In celebration of its 25th and last season of work, the Richard Alston Dance Company is embarking on an international farewell tour. The kind of endeavour you might normally associate with the break-up of a major band, or with Cher – who is perennially on her last tour, and I think has been saying farewell since at least the beginning of the last century, as is the whim of an eternal being. The scale feels only a bit different for Alston and his dancers. Final Edition: Oxford [1] is a culmination of many lives at work together, expanding the practices of modern, postmodern, and contemporary dance in the United Kingdom.

Because of his eponymous title the Etonian has a claim to canonical status and this tour could have become an overwrought monument to privilege and ego. Instead, what we witnessed in Oxford’s New Theatre on Wednesday night was a homage to a history of dance, branded, and shaped by Alston, advanced by collaborator Martin Lawrance, and most importantly, pulled off with immense style, presence, and love by a company of extraordinary dancers. (more…)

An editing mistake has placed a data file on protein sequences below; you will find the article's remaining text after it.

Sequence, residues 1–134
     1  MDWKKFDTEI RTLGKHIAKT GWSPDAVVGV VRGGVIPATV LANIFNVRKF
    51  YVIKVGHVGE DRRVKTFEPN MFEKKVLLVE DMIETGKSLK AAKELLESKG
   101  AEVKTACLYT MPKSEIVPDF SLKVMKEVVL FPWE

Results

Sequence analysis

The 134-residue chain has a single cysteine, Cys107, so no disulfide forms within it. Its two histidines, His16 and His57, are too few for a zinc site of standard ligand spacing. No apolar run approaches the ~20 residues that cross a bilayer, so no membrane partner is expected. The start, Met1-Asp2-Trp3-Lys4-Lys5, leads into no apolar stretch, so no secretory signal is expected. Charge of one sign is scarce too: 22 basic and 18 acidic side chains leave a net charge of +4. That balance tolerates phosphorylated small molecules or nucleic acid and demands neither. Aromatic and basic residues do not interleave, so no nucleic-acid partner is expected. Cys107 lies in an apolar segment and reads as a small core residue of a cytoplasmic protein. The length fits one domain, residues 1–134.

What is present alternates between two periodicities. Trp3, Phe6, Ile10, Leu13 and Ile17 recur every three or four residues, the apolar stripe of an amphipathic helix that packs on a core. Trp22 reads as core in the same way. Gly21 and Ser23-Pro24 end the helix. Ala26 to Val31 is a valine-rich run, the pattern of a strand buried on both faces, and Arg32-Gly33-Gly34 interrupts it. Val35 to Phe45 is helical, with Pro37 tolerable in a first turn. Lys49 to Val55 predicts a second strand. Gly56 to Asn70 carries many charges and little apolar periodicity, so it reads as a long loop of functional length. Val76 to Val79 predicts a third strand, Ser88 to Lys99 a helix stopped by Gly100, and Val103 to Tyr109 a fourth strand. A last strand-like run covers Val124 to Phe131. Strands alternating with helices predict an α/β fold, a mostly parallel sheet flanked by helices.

Richard Alston Dance Company opened their show at the New Theatre, Oxford with Martin Lawrance’s energetic and fast paced creation Detour, which was followed by six pieces by Alston himself. Lawrance leaves interpretation to the audience: according to the programme, he named his piece because he started with one idea, which changed as he worked, but he leaves it to the dance to reveal what those ideas were. Performed to a recorded marimba and percussion soundtrack, its zippy pirouettes and sharp split jetés interspersed with leaps into dramatic embraces displayed the company’s virtuosity, while suggesting an underlying theme of conflict.

Richard Alston’s own programme notes offer more clues to the thoughts, images, and circumstances that lie behind his dances. (more…)